Proposed state law would toughen illegal cannabis farming penalties
KVCR’s Jonathan Linden spoke with republican state assemblymember Thurston 'Smitty' Smith about his bill, AB-2728, which looks to change the penalty structure for individuals who break cannabis growing and distribution laws.
This is a transcript of the first five minutes of the conversation between KVCR's Jonathan Linden and California assemblymember Smitty Smith.
Jonathan Linden: You're listening to 91.9 KVCR news, and I'm Jonathan Linden. Republican Thurston "Smitty" Smith represents California's 33rd assembly district, which includes the communities of Lake Arrowhead, Victorville, Barstow, and Needles. Just last month, he introduced Assembly Bill 2728, which he's titling ‘cannabis civil fines,’ the bill would create a gradation in the civil penalty structure for unlicensed cannabis activity. To get started, assemblymember, can you tell listeners more about this bill, AB 2728, and what some of your motivations were to write it.
Smitty Smith: Pretty much what I'm trying to do is add penalties to the illegal marijuana groves. When voters supported prop 64, they said (they were going to be okay with legal marijuana groves. For illegal groves, individuals they get fined $500.) And (if law enforcement catches you this week, catches you next month, and catches you three months from now, it'll be $500 each time.) But the biggest thing is the penalties that they are assessing right now are a drop in the bucket to the illegal marijuana groves. These guys are making millions and hundreds of millions of dollars, but what we're trying to do is get the penalties increased. So, this time, you get a fine of $500 per plant, and you say if you got 1,000 plants, you can do the math, add that up. And if we come back a second time, in another month or three months, it goes to $2,500 a plant for the size and how many plants are in the location. So progressively, adding penalties higher and higher until we finally put you out of business or make it difficult, so you won't be in the illegal growing pot business.
Jonathan Linden: What is the highest fine that an individual could receive?
Smitty Smith: $30,000
Jonathan Linden: And so, your district is pretty big, it's all of eastern San Bernardino County and all the desert region and so I presume you've heard a lot from your residents. Can you tell me what constituents have been saying to you about this issue?
Smitty Smith: All of them are really crying out for some help right now. (They have illegal groves right next to the residential home that are just a small distance away from the high school in Lucerne Valley.) Another big problem is the off-roaders that go out there to try to enjoy the weekend with their families, and they're being accosted as they're going through powerline road (and see someone with an AK-47 strapped around their neck saying don't come down this street anymore… and we've had a few of those incidents happen.)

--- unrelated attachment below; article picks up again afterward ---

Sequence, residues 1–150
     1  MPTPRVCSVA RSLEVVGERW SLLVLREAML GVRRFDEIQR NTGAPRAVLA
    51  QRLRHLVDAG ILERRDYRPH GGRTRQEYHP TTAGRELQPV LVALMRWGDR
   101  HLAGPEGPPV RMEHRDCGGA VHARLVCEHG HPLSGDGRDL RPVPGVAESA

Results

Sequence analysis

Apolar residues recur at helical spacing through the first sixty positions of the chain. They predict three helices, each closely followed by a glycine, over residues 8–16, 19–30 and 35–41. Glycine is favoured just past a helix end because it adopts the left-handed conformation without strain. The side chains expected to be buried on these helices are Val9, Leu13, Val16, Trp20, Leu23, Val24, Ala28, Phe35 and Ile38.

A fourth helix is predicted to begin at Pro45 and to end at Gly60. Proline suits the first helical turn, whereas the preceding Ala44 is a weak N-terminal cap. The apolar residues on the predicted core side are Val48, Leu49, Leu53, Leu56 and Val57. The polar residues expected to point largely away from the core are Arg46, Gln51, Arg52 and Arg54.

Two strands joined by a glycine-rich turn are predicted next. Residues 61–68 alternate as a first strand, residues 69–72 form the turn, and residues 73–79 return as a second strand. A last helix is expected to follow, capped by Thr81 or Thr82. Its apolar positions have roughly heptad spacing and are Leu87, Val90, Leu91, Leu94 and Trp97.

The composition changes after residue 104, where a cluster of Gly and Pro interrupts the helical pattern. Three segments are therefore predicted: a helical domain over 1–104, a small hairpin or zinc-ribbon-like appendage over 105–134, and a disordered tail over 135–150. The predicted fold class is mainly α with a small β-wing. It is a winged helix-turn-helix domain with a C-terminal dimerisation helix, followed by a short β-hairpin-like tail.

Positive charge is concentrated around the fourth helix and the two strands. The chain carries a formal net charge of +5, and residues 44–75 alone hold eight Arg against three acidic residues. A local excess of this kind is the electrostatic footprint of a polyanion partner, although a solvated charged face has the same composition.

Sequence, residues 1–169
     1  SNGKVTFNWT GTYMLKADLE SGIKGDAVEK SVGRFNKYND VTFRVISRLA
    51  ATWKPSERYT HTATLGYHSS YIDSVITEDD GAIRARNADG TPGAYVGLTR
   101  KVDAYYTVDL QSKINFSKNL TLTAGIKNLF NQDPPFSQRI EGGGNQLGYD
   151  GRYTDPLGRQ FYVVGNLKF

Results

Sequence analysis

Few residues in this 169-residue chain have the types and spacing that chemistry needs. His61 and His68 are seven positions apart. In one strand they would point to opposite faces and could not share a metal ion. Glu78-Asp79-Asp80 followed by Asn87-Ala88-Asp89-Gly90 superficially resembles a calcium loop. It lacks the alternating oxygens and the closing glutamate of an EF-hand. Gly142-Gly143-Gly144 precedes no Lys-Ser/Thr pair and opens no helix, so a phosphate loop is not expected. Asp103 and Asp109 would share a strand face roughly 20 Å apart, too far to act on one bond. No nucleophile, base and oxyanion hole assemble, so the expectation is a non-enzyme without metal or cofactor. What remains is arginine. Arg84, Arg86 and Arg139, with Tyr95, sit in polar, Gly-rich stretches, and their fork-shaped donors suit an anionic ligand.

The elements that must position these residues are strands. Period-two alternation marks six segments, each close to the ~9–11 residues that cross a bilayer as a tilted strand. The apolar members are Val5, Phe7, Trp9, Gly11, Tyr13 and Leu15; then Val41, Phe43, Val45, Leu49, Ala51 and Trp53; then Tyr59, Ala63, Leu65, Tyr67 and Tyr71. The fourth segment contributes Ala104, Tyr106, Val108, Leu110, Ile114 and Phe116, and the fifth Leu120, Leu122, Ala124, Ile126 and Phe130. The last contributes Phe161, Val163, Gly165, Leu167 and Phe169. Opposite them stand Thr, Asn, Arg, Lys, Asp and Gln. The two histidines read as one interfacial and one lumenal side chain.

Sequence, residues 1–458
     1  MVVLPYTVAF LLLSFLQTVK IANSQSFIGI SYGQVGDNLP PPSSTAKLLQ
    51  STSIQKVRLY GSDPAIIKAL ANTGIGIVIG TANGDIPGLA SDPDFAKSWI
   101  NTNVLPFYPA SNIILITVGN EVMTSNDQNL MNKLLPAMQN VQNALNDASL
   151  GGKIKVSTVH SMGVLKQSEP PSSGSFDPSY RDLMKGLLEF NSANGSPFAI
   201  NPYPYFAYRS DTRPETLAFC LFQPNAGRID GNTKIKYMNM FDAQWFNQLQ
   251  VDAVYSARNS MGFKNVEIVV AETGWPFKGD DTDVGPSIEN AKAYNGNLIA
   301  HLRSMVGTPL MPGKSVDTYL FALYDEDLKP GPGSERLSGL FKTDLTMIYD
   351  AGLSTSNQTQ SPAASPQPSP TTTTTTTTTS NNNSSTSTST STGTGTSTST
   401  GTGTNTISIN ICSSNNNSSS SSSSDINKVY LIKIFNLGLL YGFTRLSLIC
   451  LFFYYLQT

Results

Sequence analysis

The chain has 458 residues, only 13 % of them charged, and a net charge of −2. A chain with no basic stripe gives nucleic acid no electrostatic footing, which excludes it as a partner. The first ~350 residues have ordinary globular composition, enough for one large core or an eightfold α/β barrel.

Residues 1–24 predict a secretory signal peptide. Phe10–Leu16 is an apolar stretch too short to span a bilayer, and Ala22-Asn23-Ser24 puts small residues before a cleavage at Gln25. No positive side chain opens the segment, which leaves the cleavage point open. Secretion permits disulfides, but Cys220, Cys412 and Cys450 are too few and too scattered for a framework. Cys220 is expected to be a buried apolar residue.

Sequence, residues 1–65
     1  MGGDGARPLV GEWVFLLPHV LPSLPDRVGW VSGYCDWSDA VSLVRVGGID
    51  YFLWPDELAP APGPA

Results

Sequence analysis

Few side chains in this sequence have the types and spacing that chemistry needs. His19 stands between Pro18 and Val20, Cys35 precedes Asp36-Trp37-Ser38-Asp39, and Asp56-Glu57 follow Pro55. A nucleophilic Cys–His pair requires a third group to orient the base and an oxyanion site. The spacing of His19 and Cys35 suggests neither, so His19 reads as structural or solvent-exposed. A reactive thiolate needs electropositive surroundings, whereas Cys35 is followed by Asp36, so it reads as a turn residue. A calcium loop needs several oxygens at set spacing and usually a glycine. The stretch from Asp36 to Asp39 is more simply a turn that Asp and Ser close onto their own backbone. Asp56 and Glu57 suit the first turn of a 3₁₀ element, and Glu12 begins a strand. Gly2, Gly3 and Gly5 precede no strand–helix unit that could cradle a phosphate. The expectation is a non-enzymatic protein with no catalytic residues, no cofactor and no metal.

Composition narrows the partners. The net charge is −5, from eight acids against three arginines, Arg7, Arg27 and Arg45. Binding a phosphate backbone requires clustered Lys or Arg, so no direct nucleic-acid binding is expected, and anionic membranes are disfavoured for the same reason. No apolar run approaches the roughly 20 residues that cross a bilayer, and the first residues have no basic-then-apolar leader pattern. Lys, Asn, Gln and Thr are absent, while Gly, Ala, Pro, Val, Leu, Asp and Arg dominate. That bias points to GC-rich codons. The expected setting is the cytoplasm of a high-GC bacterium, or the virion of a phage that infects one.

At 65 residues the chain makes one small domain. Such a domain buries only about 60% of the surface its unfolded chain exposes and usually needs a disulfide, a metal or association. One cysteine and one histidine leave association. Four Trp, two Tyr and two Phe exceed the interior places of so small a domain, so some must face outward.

Jonathan Linden: And you mentioned the San Bernardino County Sheriff, Shannon Dicus, and how he launched operation hammer strike. Have you had conversations with him about this because this has been a big thing that he's been pushing since he took office last fall?
Smitty Smith: We've been working together very well with that with him and the County Board of Supervisors to start. There's another program they're going to start trying to do because you can only eradicate the marijuana, they can't tear down the structure, the greenhouse, the water pipes, or any of that stuff... (they want to start) being able to eradicate the structures, put a lien on the property for whatever cost for the cleanup and mitigation. We're trying to do legislation up here in regards to water theft, (that would make it a felony.) So, we are working very close together (with the problems) that we have out there. (I could tell you some of the statistics on the illegal groves as well.)
Jonathan Linden: What are some of the stats that you have for the issue?
Smitty Smith: Well, on an average, they've taken almost 4,150 plants (every week.) That's 116,155 pounds of marijuana in seven months that the county has eradicated. If you do the math, if it's between $2,500 and $3,000 per pound, it's over $300 million in products seized. Even if it's as low as $1,000 a pound, it's still $1.2 million on a average weekly (basis) that the county is taking off the streets. So, the $500 Fine, you can understand that that's you know, that's nothing, literally a drop in the bucket. They've seized a lot of guns, and currently, the total cash seized in seven months is $3.4 million.